'Smart' bullets to be a sure-fire hit

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The Independent Online
They first appeared in cartoons, but "smart bullets" - which follow their target after being fired - may soon become reality.

US military experts have realised that it is possible to build a bullet which can alter its direction during flight by twitching its nose.

The bullets are known as BLAMS - Barrel Launched Adaptive Munitions - and are guided by a laser beam.

Initially the aim is to produce large shells for fighter planes which can follow the twists and turns of an enemy aircraft in a dogfight. But ultimately miniaturisation could make it possible to have hand-held weapons with smart bullets.

Though the individual bullets would be at least five times more expensive than standard ones, they would allow snipers to hit targets several kilometres away with deadly accuracy.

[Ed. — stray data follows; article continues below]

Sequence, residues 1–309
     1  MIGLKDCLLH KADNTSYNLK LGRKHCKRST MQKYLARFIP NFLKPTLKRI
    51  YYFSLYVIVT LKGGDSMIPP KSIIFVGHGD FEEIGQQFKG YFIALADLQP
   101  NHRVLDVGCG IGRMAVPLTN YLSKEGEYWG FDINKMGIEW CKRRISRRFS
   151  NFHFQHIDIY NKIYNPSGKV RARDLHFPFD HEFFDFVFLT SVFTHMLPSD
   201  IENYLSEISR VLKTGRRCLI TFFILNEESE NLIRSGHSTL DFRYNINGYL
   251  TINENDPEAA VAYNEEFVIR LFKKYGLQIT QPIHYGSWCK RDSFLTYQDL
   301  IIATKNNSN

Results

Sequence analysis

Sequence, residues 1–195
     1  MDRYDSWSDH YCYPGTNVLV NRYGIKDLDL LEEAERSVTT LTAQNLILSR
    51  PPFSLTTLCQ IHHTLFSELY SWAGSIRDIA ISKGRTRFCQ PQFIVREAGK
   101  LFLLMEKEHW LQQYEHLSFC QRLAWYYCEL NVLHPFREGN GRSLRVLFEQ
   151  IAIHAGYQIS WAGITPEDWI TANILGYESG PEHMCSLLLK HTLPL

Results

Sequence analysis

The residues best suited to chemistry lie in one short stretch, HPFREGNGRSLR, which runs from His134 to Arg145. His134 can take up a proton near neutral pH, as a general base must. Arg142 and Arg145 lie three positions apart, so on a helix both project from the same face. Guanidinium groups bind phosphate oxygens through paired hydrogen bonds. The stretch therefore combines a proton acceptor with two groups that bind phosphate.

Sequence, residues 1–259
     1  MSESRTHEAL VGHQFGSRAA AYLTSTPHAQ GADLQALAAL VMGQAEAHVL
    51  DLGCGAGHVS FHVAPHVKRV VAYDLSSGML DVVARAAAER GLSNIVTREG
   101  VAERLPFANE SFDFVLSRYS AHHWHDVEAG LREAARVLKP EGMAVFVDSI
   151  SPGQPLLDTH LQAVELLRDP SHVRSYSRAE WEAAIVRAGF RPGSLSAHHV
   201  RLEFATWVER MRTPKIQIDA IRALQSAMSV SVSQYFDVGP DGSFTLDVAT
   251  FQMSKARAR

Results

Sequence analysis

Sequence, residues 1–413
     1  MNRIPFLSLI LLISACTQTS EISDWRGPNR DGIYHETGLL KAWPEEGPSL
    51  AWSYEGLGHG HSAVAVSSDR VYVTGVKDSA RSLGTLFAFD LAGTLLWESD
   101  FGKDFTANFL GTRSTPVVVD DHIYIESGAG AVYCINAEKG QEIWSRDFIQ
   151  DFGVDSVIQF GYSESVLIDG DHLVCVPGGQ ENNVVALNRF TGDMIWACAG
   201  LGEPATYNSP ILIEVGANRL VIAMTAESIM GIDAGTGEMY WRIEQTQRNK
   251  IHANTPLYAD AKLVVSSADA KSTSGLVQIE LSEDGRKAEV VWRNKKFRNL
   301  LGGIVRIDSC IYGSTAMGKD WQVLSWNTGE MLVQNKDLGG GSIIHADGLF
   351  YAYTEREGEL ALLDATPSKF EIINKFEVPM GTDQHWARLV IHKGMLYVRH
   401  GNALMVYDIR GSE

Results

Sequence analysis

The US Air Force project to build BLAMs has recently been declassified by the US Department of Defense. Ron Barrett, an aerospace engineer at Auburn University, Alabama, told New Scientist magazine: "This technology could change the nature of war."

Each bullet has a swiveling nose that is made to "twitch" by miniature piezoceramic rods, which change length when a voltage is applied to them.

They would be guided by "painting" the target with a laser or microwave beam. Each round would have a sensor that homes in on this signal, just as a smart bomb does.